Maximizing the potential of digital technology must also garner the trust of those at the front end of the service as either services users or providers. Citizens understand that their health and social care data will be used across providers to deliver integrated, holistic care. They will also understand that this aggregated, non-personalised data is likely to be used for planning, performance monitoring and service improvement. There is also a role for this information in research and innovation but proper safeguards including the use of trusted research environments, such as the Swansea based SAIL databank, must be in place. In short where data is being used for public well-being and the common good, achieving a social consensus should not be difficult.
For many years Wales has been waiting for a “Data Promise” along the lines that “Health and care services will routinely, appropriately and securely share your identifiable data within health and care to deliver high quality, safe and integrated care. No identifiable data about you will leave health and care without either your explicit consent or legal requirement (such as for safeguarding)”. This sounds reassuring in principle but there are concerns that modern algorithms and access to a range of data bases can bypass conventional levels of confidentiality and personal data security. While the size of the Welsh NHS and social care base may be less attractive for attack, its smallness creates its own vulnerabilities.
Whatever the limitations of the Data Promise the updated Strategy only indicates that implementing it and putting a Data Promise Unit in place is still only at the “consideration” stage. This sluggish progress hardly inspires confidence and is in contrast to the Scottish Government’s more dynamic approach. As IT becomes more embedded within our health and care services it is crucial that progress is made on the Data Promise. This must involve a full debate on what will be covered by the Data Promise and clarity on what options the citizen will have to opt out of the more intrusive use of personal data.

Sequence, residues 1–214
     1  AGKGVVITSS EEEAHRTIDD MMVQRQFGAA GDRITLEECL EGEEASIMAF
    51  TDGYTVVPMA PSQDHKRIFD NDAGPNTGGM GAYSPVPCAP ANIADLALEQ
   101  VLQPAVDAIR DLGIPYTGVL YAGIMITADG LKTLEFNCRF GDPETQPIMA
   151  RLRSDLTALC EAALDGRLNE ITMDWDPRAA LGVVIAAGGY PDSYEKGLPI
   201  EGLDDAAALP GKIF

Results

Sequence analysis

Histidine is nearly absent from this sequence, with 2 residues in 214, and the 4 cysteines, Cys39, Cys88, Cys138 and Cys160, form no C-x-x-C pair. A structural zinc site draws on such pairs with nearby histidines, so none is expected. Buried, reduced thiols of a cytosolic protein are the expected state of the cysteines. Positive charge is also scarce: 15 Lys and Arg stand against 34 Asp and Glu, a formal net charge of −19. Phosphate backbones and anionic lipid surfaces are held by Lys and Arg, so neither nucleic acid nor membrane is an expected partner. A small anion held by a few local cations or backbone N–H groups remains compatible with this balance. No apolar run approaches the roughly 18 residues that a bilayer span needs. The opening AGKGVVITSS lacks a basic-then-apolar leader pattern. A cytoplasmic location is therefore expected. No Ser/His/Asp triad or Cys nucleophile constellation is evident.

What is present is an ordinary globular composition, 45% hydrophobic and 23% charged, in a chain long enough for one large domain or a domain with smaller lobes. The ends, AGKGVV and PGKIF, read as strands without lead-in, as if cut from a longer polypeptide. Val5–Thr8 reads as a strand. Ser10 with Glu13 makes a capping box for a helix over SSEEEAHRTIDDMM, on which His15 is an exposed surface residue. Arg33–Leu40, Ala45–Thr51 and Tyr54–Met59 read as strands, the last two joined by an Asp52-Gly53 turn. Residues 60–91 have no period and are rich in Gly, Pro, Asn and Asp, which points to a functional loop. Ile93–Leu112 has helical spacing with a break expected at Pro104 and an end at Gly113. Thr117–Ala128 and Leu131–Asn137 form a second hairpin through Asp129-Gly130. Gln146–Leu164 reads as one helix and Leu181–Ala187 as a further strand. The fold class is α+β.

The importance of the Data Promise becomes more obvious if data, in whatever form, is being used for purposes such as “… the private sector (using health and care data) to create added value, accelerate innovation and strengthen the economy of Wales. “ Many would regard this as being beyond what is acceptable. We all realise that the private sector has a role in health and social care innovation but it would be naïve to think that the main agenda of the corporate sector is public well-being and the common good. And beyond health care there are other sectors such as financial services, insurance, marketing and leisure would only be too keen to use health and social care “big data” to promote their own commercial interests.
The private sector is also likely to be involved in the supply chains for our health and social care, not only in supplying hardware like computers but also in crucial infrastructure and software development. The tendering process for the Federated Data Platform in England has give rise to great concern especially following the success of Palantir, which has roots in the US military-industrial sector.
Senedd Cymru (Welsh Parliament) has completed the legislative process for the Health Service Procurement Act in October 2023. This law mainly dealt with clinical services but the overlap with an expanded use of information technology is obvious. Concerns were raised at all stages of the Act’s legislative process about lack on explicit guarantees that it would not facilitate the privatisation of clinical services.
Assurances were repeatedly given that such protections would be provided in the regulations that follow from the primary legislation. Many similar concerns about private sector encroachment could be raised about the protection of data as outlined in this revised digital strategy.
As is the case with the NHS Procurement process, it is vital that the clear benefits from a modern digital and information system in Wales are underpinned by clear commitments in terms of data protection, confidentiality and its use for the public good.